LAUER: Alan Greenspan, your Fed chairman, wrote a book and came out in 2007. In it he said, quote, "My biggest frustration remained the President's unwillingness to wield his veto against out of control spending."

BUSH: Well actually it's interesting you said that, because in 2007, I did veto bills and they were overridden quickly. I vetoed the farm bill which was overridden, I vetoed a public works bill which was overridden. Prior to that we were able to negotiate budget deals with Republican controlled Congress that actually, other than defense spending, was able to ratchet down spending and at the end, less than, than the rate of inflation.

LAUER: You wanted to be a uniter. Along came 9/11 and you did something that a lot of people thought was a real effort to unite. You reached out to the Muslim world-

BUSH: Right.

LAUER: -and you visited mosque and you said the following, quote, "The face of terror is not the true face of Islam" and you said, quote, "In our anger and emotion, our fellow Americans must treat each other with respect." You know there's a major controversy brewing here in New York City, downtown, where there's a proposed Islamic community center sited for just two blocks from Ground Zero. If I look at your words there, it makes it seem to me as if you're saying that the rights of Muslims should not be denied for the sake of the sorrow of others, is that fair?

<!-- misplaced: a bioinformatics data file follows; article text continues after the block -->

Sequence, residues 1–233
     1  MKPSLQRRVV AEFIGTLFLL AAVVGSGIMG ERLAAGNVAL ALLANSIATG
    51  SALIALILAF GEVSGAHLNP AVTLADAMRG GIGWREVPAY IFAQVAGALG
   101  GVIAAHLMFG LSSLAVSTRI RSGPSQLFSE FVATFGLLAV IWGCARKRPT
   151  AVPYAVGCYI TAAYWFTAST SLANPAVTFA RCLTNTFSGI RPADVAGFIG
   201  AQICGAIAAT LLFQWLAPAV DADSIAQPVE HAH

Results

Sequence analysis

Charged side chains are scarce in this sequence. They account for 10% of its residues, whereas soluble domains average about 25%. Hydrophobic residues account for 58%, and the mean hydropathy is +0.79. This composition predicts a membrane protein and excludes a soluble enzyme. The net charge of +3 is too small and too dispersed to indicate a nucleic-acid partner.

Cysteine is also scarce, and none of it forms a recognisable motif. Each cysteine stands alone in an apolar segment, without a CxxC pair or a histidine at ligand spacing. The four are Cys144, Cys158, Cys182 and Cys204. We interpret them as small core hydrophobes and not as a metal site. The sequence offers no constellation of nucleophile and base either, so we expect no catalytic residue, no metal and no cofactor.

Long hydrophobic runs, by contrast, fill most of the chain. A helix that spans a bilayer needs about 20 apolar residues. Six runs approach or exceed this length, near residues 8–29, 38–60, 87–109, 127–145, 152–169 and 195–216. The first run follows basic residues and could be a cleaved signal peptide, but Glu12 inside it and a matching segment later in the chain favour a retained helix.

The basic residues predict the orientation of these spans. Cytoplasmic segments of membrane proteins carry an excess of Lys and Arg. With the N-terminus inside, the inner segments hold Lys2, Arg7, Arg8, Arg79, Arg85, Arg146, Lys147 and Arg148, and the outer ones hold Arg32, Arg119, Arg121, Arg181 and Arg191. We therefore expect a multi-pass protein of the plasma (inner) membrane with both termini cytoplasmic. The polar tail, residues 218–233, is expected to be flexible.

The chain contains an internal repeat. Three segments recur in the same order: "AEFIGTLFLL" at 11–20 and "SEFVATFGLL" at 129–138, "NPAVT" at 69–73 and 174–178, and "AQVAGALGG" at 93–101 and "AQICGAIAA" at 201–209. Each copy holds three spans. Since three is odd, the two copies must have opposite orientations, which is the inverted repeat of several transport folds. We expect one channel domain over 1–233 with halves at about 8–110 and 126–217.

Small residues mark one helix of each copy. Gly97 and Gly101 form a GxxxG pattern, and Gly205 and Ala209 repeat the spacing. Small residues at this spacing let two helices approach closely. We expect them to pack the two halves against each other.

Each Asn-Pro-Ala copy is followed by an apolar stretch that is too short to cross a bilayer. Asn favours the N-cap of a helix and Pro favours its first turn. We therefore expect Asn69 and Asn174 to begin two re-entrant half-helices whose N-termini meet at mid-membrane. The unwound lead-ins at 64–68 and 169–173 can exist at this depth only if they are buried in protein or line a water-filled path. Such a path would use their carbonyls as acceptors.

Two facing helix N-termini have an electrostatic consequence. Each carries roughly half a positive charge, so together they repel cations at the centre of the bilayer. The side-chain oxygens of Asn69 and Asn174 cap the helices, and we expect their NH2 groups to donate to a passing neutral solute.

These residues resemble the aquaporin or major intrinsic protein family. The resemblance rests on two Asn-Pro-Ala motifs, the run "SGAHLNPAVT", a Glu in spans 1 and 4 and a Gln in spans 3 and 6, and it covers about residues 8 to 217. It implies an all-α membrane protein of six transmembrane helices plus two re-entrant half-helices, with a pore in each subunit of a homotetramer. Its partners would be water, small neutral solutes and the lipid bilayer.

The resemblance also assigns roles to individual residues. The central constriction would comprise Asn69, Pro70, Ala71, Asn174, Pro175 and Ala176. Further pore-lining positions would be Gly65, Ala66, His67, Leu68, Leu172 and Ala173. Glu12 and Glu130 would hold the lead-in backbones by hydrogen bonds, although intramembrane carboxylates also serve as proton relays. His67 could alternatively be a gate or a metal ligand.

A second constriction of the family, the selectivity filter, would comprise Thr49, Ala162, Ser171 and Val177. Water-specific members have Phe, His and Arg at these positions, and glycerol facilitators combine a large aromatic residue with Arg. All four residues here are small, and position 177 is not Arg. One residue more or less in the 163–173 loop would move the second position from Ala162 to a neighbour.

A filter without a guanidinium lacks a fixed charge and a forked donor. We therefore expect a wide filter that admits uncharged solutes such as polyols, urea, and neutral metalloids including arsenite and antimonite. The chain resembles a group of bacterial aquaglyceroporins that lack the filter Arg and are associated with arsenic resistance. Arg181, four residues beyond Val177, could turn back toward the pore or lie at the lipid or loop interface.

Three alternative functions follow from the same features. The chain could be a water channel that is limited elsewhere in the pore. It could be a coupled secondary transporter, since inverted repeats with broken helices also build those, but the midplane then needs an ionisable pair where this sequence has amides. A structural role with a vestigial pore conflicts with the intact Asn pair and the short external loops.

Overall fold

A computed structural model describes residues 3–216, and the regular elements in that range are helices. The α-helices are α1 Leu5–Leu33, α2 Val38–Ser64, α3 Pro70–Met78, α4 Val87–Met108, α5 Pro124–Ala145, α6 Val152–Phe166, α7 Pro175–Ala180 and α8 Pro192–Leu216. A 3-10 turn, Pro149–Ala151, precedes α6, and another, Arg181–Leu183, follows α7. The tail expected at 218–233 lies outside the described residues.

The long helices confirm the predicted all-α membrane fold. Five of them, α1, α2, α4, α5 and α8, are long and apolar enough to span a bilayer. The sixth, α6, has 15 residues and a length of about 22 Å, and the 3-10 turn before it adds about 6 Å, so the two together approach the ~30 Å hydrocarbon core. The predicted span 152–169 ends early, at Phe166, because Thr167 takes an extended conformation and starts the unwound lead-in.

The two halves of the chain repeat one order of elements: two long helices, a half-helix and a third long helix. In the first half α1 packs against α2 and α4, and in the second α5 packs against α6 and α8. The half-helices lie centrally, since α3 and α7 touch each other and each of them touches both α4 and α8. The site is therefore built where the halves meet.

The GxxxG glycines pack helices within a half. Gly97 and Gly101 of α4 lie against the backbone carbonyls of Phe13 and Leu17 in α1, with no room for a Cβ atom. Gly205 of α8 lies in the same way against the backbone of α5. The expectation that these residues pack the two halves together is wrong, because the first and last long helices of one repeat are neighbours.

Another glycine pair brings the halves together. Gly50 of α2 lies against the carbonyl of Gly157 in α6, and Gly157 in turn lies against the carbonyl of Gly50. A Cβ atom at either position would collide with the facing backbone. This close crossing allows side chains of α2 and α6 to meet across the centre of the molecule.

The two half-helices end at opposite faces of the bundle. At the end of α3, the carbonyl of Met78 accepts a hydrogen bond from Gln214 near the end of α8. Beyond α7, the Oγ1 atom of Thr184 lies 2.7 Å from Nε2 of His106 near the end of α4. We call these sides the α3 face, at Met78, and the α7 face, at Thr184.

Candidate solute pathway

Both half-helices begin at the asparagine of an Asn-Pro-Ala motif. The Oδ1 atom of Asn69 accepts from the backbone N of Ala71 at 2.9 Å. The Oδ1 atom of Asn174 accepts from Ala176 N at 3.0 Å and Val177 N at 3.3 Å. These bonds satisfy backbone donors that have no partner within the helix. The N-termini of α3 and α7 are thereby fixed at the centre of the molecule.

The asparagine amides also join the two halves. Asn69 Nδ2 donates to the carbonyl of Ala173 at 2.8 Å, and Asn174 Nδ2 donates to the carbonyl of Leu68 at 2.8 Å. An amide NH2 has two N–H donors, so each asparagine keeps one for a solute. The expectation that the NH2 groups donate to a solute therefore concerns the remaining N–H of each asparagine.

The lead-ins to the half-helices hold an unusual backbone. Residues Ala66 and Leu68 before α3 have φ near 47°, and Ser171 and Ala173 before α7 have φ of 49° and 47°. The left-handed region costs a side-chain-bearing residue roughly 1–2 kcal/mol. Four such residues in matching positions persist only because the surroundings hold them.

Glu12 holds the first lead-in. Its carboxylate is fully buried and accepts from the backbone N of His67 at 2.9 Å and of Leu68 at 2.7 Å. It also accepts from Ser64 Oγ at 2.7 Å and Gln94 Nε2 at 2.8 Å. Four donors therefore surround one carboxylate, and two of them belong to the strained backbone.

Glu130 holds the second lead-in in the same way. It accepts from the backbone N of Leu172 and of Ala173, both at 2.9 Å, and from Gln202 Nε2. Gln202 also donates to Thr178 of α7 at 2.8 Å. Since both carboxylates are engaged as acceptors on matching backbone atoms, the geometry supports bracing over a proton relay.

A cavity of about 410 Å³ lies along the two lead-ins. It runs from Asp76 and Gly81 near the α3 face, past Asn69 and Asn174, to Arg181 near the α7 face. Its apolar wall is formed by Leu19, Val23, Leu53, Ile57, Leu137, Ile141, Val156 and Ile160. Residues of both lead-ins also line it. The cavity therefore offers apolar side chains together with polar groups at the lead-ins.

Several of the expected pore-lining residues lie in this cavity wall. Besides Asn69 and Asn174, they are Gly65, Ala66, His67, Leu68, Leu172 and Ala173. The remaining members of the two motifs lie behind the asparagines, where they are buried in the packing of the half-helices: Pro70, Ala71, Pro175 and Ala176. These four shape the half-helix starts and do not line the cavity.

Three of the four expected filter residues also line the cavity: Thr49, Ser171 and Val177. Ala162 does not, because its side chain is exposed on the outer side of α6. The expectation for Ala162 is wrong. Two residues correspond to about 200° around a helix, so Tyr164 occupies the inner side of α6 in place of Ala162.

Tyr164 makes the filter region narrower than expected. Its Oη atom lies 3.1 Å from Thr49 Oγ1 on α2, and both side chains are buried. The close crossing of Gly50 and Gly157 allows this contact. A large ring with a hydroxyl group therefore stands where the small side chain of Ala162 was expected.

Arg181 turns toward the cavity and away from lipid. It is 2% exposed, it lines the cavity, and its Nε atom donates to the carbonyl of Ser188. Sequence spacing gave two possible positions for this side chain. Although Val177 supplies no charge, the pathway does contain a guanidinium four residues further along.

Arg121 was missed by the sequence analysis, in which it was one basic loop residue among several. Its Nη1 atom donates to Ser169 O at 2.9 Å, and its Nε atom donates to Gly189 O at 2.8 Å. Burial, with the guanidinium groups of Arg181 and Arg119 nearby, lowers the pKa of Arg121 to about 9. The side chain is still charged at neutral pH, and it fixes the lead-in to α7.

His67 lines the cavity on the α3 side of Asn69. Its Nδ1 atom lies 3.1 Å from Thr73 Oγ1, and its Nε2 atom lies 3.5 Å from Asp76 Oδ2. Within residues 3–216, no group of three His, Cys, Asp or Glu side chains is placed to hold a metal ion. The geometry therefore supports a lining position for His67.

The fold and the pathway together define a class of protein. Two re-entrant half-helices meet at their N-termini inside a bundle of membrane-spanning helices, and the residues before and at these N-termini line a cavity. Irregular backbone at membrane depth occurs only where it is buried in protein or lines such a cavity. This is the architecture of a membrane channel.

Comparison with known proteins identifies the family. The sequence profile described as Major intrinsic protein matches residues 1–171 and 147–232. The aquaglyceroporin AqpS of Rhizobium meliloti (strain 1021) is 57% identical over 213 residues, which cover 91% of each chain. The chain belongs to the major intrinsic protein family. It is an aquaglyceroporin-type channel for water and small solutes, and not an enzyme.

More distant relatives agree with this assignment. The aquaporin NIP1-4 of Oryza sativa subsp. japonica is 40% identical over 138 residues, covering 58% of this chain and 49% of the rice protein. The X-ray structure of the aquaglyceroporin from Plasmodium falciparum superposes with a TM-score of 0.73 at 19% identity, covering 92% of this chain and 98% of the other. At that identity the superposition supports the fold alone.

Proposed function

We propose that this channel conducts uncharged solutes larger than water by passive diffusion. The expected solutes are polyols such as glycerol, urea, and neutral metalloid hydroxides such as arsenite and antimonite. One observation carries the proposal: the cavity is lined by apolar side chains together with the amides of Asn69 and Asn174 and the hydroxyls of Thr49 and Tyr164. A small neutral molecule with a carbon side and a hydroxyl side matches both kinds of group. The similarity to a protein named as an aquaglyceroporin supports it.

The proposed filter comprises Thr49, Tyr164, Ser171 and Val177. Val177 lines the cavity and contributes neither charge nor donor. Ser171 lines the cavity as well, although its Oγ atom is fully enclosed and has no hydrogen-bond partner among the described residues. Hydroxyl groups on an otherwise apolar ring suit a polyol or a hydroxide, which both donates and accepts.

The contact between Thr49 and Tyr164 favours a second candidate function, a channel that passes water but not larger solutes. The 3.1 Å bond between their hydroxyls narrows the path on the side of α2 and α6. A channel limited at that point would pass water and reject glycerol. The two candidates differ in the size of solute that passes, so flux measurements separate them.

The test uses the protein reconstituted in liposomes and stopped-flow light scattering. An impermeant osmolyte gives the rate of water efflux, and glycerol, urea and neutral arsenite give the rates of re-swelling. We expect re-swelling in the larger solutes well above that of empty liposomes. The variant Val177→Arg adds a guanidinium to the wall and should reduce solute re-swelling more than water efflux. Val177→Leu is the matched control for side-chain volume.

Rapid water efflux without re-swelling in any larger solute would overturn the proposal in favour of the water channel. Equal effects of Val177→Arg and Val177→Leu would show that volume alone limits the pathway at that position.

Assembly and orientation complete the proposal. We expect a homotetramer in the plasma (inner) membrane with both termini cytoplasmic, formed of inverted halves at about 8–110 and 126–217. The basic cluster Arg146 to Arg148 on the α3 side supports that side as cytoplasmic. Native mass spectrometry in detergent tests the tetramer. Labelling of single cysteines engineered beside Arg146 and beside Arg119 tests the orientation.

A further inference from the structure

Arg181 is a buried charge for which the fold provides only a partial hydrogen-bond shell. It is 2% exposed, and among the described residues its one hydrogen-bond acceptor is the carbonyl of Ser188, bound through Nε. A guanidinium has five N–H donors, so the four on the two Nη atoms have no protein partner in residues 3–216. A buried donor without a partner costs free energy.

BUSH: If I listened to what you're trying to rope me into, you're trying to get me to talk about this mosque issue.

(Laughter)

LAUER: Which is fair.

BUSH: Again, again.

LAUER: Why wouldn't - I know I tried the other day too, didn't I? Why-

BUSH: Yeah, because...

LAUER: Why wouldn't you speak out...

BUSH: Because there's gonna be-

LAUER: ...to calm a lot of rhetoric?

BUSH: Because there's a lot, there's a lot of events and a lot of opportunities for me to speak out over the next years and I have chosen not to. And the reason I've chosen not to is, I don't want do intrude on my successor's ability to get the job done. Inevitably if you were able to get me to answer this question, they will then compare that answer to what President Obama or other presidents might say on the issue. And I don't-

LAUER: Well then without saying whether they should build the community center or not, are you disappointed by the increase in anti-Muslim rhetoric in this country that we've seen...

BUSH: I think most Americans welcome freedom of religion and honor religions. I truly do. And the problem with the, the arena today is a few loud voices can dominate the discussion and I don't intend to be one of the voices in the discussion.

 —Geoffrey Dickens is the Senior News Analyst at the Media Research Center. You can follow him on Twitter here

Geoffrey Dickens
Geoffrey Dickens
Geoffrey Dickens is the Deputy Research Director at the Media Research Center.